A Journey into the Ablative

Today’s Feature Post is brought to you by Sara Cain, who teaches at Monomoy Regional Middle School in Chatham, MA.

Practicing the ablative case is an excellent opportunity for student movement. In Grade 6, on our 8th class meeting, we do an activity called “The Longest Journey.” The classroom is set up with about 12 different Roman place names taped on walls and windows around the room. Students, in groups of 2-4, are told that they must get their group (and their Magistra!) from Africa to Roma, making as many stops around the Imperium Romanum as possible. To make a stop, the group must simply write a grammatically correct Latin sentence. The first stop is the same for everyone, so I give them this model sentence: Marcellus, Clara, Tullia, et Magistra in Africā sunt. The group, of course, does not need to stay together while travelling (an opportunity to practice est and sunt), and some groups even choose to leave Magistra alone in Africā for the entire trip.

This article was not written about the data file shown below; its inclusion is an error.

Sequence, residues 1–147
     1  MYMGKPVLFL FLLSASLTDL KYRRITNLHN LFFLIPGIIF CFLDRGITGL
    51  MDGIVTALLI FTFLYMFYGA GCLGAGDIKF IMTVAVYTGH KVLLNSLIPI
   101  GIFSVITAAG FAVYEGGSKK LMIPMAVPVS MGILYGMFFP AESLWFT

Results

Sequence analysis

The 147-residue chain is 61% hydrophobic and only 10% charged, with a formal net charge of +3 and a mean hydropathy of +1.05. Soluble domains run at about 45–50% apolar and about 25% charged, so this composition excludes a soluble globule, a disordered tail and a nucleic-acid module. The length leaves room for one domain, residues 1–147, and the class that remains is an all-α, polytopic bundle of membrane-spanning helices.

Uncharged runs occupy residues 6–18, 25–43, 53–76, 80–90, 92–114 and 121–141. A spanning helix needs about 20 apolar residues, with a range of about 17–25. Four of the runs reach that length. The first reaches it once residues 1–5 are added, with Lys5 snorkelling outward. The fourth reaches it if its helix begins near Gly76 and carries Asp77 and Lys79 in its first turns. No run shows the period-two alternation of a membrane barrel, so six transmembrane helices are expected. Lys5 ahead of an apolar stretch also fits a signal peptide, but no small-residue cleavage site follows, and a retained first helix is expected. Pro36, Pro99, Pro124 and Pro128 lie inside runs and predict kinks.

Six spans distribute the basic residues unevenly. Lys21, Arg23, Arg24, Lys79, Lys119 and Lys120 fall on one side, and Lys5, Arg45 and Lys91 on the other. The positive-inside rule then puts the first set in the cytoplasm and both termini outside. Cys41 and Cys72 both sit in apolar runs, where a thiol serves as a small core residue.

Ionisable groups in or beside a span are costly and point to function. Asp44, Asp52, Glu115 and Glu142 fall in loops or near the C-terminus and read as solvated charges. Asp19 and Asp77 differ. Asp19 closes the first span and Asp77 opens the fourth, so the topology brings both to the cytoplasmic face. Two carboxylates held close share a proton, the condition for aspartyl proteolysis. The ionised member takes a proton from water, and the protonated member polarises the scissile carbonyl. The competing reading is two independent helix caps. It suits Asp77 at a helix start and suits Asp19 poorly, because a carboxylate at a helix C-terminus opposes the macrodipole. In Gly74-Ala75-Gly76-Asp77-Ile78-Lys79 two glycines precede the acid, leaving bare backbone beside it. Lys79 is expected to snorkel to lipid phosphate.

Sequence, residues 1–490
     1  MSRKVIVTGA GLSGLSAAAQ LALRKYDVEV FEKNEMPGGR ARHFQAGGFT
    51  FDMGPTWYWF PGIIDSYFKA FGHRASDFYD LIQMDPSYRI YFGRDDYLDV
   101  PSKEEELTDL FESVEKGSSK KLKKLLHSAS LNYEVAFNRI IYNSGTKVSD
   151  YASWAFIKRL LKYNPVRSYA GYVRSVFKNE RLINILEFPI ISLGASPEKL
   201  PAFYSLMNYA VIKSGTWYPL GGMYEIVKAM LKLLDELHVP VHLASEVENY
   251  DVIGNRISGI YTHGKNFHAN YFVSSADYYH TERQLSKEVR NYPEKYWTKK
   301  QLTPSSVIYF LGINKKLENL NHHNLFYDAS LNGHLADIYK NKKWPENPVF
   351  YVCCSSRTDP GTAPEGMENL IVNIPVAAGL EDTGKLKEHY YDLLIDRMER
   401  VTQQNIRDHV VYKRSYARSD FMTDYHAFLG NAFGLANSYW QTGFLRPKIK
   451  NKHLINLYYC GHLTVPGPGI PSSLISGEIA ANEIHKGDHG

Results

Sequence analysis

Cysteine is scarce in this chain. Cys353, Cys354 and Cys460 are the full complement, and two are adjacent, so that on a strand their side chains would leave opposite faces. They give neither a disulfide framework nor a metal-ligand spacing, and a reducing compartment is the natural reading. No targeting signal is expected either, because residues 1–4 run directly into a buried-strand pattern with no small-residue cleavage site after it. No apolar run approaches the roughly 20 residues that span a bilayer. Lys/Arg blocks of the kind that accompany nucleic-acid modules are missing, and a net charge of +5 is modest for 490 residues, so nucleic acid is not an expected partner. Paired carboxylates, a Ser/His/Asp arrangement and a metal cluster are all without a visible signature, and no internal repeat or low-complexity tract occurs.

I usually give 10 minutes for groups to plan their journeys and then we get up in front of our peers – who are anxious to count and beat the number of stops each group has – and travel around the classroom to the places taped up around the room. See the Final Product in action on YouTube. For Grade 6 Latin, I read the scripts in order to fix mistakes as we go. In upper levels, I might insist that group members read their scripts while audience members listen to mistakes and earn extra points for raising their hands and offering helpful edits to their peers.
This activity can be tailored to fit upper levels of Latin by increasing the complexity of the sentences that the students must write. When we revisit the activity, we add in second declension places (in Aegyptō, in Nilō, in Rhenō, in opppidō Brundisiō) to practice the second declension ablative. Teachers could also choose places that are plural in nature (Athenis, Bruxelles) to provide practice of singular and plural. Another step up would be to use sentence formulas with different prepositions in them: Marcellus ex Aegyptō (ad urbem) Romam venit. The focus could be anything from the locative to verbs of movement to the deponent (vehor) with ablatives of means (nāvi, raedā, equō, etc).
This is an engaging, controlled way to practice Latin composition with students at any level. The assessment of the activity can be as simple as participation points or as complex as using a writing rubric and giving each group a score on indicators such as comprehensibility, mechanics, variety of vocabulary and use of the grammatical structure(s) identified.